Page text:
Campaigners have urged China to apply a permanent ban on the wildlife trade following the coronavirus outbreak. Markets selling live animals are considered a potential source of diseases that are new to humans.
There has been speculation just such a market in Wuhan could have been the starting point for the outbreak.
China put a temporary ban on the trade in wildlife as one measure to control the spread of coronavirus, but conservationists say it’s not enough.
They argue that, in addition to protecting human health, a permanent ban would be a vital step in the effort to end the illegal trading of wildlife.
Campaigners say that China’s demand for wildlife products, which find uses in traditional medicine, or as exotic foods, is driving a global trade in endangered species.
More than 70% of emerging infections in humans are estimated to have come from animals, particularly wild animals.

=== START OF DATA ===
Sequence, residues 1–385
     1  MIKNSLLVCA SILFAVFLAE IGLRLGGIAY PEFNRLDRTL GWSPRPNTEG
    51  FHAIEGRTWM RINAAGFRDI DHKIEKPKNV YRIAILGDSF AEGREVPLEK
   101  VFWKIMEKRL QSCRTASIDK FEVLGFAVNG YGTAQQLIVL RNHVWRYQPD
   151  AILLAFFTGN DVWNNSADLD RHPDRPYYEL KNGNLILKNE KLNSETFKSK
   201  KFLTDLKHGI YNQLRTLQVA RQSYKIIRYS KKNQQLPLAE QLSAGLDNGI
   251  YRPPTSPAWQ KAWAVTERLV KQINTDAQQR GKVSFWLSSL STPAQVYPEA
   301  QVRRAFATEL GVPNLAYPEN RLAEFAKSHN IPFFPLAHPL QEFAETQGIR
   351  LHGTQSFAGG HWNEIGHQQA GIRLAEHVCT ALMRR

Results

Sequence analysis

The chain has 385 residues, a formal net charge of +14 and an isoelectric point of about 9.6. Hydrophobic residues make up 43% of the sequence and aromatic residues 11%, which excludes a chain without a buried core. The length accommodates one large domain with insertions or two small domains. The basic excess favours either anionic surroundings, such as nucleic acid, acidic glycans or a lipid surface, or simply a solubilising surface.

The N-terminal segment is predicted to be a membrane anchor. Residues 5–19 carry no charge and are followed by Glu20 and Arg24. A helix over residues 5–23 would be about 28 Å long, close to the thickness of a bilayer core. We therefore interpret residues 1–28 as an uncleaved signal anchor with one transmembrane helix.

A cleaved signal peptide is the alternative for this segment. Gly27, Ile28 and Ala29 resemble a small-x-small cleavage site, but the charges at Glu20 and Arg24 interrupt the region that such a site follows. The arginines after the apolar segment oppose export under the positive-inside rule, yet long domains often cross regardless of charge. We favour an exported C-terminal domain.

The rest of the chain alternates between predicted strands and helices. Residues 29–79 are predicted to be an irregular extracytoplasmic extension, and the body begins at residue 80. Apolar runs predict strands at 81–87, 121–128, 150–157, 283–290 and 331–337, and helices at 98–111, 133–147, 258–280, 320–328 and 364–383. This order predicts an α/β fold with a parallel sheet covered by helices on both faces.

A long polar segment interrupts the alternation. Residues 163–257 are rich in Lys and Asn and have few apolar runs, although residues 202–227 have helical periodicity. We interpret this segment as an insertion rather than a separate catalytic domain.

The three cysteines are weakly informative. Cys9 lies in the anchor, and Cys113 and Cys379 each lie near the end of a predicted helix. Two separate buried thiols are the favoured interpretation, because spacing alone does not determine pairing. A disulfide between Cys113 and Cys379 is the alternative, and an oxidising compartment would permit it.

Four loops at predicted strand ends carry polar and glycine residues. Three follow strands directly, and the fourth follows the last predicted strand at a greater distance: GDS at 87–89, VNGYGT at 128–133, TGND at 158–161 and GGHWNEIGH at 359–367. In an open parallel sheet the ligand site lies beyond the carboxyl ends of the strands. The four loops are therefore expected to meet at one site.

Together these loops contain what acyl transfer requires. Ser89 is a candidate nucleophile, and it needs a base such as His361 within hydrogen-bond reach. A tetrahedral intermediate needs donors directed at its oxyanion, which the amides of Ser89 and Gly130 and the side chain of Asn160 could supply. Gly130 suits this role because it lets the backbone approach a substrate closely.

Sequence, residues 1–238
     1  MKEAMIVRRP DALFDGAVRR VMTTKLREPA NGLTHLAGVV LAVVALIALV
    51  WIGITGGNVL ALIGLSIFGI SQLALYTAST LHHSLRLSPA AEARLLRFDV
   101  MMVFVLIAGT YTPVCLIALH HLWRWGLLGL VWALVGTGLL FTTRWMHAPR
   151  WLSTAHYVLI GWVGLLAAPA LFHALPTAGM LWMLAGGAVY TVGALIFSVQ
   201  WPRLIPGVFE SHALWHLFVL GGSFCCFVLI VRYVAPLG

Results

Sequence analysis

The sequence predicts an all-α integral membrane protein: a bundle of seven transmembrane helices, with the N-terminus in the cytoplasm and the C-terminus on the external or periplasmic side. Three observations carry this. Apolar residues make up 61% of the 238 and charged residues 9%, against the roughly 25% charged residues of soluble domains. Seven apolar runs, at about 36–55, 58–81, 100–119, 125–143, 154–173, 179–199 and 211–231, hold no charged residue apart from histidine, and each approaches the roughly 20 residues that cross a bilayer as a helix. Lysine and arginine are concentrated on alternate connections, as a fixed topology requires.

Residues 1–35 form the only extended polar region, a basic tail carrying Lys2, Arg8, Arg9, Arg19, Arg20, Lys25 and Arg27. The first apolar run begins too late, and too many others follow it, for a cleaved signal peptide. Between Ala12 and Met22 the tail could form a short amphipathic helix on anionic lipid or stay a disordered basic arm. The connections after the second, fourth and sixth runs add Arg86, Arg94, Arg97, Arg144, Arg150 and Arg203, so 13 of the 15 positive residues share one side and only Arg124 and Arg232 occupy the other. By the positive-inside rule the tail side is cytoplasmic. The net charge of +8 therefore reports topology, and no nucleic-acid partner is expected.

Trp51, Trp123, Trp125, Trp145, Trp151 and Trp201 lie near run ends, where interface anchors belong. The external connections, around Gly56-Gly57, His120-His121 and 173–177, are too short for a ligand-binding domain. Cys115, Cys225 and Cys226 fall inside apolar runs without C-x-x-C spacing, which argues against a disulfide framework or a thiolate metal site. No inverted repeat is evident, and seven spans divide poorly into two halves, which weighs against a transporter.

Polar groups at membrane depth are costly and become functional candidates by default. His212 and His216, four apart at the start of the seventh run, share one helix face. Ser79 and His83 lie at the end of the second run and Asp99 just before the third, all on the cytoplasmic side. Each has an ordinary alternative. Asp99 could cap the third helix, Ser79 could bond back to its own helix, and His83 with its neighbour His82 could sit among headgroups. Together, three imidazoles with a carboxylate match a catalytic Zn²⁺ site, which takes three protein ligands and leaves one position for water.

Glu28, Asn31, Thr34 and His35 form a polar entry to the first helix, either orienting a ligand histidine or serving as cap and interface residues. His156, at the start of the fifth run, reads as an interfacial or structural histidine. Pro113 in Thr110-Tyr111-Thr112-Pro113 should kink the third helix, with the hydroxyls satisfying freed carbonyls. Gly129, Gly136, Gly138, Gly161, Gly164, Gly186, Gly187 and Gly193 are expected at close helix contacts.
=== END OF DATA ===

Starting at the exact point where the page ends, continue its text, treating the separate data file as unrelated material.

Experts with the World Health Organization (WHO) say there’s a high likelihood the new coronavirus came from bats. But it might have made the jump to a currently unknown animal group before humans could be infected.
The viruses behind Severe Acute Respiratory Syndrome (Sars) and Middle East Respiratory Syndrome (Mers) are also thought to have originated in bats. But they are thought to have circulated in civet cats and camels, respectively, before being transmitted to humans.
“We are coming into contact with species of wildlife and their habitats that we were not with before,” Dr Ben Embarek, with the department of nutrition and food safety at the WHO.
A recent analysis of the nearly 32,000 known land-based vertebrate species showed that around 20% of them are bought and sold on the global wildlife market – either legally or illegally.
A study by the conservation group WWF showed the illegal wildlife trade is worth around $20bn per year. It is the fourth biggest illegal trade worldwide, after drugs, people smuggling and counterfeiting.
The wildlife products industry is a major part of the Chinese economy, and has been blamed for driving several species to the brink of extinction.
“This health crisis must serve as a wake-up call for the need to end the unsustainable use of endangered animals and their parts, as exotic pets, for food consumption and for their perceived medicinal value,” WWF said in a statement.